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Postgraduate (MSc, MA, MBA, PhD) Programs in E-business
Here we offer essential advice on studying a postgraduate business program in E-business and E-commerce, as well as the ability to access our comprehensive database of European institutions that offer E-commerce/E-business-related MA, MSc, MBA and PhD programs taught in the English language.
A field that hardly existed in the mid-1990s, e-business has become a pervasive part of the business (and non-profit/not-for-profit and government) landscape. It involves identifying, assessing, developing and then managing electronic-commerce capabilities for business, industry, non-profit/not-for-profit, or governmental organisations. The skills and knowledge required to design, develop, and implement such capabilities are clearly interdisciplinary in nature, ranging from business and technical to managerial and strategic.Find postgraduate programs in E-BUSINESS
The early days of the field focused largely on selling products to consumers. Over time, the emphasis has shifted. Now the focus is just as likely to be on managing the critical flows of information within supply chains, or providing services to consumers, or linking governments with citizens. E-commerce’s pervasiveness has also meant that many organisations have needed to be reorganised and re-orientated. To take a simple example, many organisations that once just sold to stores in large amounts now also sell direct to individual customers in small amounts. This has meant that supply chain management, customer service, billing and collection, and the firm’s whole information technology infrastructure have had to be re-geared.
Numerous substantial trends continue to drive this field, including:
• Increased computing power and related technological developments.
• Greater consumer access to high-speed internet connections.
• The shift to online sales and marketing
• increased used of the Web for entertainment as well as purchasing.
• Development of new online industries such as gaming and gambling.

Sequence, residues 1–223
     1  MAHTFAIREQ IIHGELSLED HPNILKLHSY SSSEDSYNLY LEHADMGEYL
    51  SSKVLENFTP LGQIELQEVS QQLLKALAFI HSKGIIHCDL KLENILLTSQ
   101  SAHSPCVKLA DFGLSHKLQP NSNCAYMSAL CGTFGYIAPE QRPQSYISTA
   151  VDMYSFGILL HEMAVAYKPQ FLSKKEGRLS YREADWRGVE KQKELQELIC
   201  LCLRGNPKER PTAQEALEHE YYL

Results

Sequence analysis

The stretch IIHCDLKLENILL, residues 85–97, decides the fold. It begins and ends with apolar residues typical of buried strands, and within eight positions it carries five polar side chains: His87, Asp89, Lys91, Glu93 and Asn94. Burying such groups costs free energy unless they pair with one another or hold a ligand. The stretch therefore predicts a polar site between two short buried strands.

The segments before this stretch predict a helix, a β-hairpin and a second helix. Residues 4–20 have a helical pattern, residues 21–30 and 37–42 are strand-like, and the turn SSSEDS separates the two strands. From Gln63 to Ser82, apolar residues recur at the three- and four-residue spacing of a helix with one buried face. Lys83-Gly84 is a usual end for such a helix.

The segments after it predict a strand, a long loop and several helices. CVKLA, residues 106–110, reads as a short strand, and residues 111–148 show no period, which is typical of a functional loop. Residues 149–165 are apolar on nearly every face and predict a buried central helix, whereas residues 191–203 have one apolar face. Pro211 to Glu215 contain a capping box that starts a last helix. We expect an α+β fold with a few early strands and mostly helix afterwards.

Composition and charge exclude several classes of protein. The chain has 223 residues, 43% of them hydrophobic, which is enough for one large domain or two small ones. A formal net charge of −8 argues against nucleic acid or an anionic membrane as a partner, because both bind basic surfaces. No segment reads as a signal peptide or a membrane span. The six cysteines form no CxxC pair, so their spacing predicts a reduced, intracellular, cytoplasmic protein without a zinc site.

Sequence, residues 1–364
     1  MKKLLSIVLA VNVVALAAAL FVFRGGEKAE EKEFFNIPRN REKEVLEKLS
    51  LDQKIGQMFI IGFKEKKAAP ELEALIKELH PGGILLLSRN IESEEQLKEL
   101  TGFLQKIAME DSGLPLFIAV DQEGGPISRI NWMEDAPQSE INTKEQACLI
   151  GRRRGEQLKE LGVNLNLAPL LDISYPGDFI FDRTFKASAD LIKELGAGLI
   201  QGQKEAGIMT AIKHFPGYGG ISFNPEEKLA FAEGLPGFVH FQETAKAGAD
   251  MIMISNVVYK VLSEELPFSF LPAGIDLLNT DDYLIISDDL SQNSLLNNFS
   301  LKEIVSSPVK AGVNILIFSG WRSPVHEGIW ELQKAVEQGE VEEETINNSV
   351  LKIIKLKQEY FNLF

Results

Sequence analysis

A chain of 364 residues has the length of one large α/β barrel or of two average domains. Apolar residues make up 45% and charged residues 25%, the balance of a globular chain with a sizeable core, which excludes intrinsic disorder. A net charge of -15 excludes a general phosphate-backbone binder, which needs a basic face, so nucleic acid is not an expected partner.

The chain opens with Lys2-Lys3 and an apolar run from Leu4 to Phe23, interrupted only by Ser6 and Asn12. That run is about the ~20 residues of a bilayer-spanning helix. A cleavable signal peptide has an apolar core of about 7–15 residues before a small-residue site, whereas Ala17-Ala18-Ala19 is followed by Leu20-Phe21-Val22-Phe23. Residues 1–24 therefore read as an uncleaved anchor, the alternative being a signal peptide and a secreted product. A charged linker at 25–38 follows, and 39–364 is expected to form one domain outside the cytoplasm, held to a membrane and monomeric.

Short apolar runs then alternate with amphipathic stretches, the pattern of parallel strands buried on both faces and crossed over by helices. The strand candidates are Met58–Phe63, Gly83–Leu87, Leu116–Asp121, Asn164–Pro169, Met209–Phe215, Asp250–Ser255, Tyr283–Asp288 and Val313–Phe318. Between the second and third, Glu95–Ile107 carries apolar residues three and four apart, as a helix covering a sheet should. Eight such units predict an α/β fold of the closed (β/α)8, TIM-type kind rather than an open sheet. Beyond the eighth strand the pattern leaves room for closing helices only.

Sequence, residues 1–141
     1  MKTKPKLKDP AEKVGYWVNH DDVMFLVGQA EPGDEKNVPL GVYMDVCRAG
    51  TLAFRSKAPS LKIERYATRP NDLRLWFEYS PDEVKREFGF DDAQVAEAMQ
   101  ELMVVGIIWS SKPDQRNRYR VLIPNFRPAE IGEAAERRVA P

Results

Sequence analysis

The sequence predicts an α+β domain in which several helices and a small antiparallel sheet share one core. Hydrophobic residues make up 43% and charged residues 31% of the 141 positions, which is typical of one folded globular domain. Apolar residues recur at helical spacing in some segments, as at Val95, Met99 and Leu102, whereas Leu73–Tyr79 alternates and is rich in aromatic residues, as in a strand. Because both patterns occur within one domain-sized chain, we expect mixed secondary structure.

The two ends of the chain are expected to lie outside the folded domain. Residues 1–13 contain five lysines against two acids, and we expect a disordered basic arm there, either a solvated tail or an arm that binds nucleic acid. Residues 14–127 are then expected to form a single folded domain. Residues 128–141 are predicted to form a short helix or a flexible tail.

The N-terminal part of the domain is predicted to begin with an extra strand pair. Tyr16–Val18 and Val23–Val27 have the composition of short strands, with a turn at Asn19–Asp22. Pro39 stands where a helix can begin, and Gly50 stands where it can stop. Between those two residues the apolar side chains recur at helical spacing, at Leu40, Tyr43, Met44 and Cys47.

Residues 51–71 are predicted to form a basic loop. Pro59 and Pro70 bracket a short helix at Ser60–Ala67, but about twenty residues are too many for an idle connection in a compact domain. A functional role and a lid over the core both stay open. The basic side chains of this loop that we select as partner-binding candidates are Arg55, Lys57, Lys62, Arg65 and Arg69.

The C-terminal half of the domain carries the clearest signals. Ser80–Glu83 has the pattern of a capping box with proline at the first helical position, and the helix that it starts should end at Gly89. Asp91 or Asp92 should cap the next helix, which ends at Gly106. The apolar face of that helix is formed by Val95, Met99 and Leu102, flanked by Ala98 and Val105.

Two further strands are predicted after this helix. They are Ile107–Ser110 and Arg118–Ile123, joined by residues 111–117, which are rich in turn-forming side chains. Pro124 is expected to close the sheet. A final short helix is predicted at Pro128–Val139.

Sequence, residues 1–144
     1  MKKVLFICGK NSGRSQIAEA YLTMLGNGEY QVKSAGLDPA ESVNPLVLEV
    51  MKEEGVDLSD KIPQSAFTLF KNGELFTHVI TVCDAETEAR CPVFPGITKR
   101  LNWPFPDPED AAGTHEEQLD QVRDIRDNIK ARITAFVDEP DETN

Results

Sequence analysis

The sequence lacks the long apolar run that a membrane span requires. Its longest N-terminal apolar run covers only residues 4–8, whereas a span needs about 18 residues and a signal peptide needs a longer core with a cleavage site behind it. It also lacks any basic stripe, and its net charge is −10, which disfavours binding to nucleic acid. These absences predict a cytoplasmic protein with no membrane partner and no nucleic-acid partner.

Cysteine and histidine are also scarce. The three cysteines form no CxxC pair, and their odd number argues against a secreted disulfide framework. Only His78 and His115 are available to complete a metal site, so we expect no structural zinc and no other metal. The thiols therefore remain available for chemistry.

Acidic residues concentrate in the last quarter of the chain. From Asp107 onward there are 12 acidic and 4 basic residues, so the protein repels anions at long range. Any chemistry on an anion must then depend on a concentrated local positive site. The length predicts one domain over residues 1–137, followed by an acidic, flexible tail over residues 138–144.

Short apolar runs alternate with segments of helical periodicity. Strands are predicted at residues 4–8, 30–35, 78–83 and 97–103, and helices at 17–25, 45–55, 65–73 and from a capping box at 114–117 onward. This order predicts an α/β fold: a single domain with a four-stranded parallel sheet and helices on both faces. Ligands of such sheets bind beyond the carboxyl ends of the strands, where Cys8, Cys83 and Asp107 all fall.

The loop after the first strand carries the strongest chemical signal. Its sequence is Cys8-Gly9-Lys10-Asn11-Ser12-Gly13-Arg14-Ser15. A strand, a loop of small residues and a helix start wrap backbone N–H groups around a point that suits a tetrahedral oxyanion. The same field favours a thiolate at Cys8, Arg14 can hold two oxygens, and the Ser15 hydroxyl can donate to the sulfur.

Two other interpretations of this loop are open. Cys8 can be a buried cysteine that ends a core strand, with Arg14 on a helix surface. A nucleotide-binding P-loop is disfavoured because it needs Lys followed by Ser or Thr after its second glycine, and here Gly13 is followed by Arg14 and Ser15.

• Adoption of online marketing and interactive opinion gathering by non-traditional players (government and non-profits/not-for-profits).
• Increased co-ordination of firms and consumers (as well as governments and citizens) via the internet.
Some masters programs are labelled ‘e-commerce’, others, ‘e-business’. Whatever the title, these programs are often one year long, with a handful being two years in length. Perhaps unsurprisingly, given the nature of the subject, many programs have a substantial distance-learning (ie web) component. The potential range of the subject – covering both technology and business matters – results in substantially different programme emphases. Some emphasise technology, some marketing, some the organisational consequences of re-orientating an organisation to online marketing, and some emphasise yet other elements. Most are aimed at those who will work for businesses, but few focus on those who will work for governmental units.
The MSc in E-Business and Information Systems on offer at one UK university provides a fine example of the range of emphases on offer. At this particular institution, students are required to choose one of these four ‘specialist streams’:
• E-business/e-commerce: "This stream aims to produce graduates who wish to study both the fundamentals of strategies and business processes and the development and application of information systems in supporting new organisations and new business practices. The program is aimed at graduates of all disciplines who are interested in a management career."
• E-marketing: "The e-marketing team will provide students with opportunities to acquire a thorough understanding of marketing theories and how to apply them to real world business challenges in the electronic business context."
• E-government: "This stream aims to produce graduates who understand the complexities of designing and implementing information systems for government (including e-government and e-health)."
• Information systems: "...focus primarily on internet and related technologies and how they can be used to built information systems. This stream is primarily aimed at computer sciences graduates who would like to broaden their career options."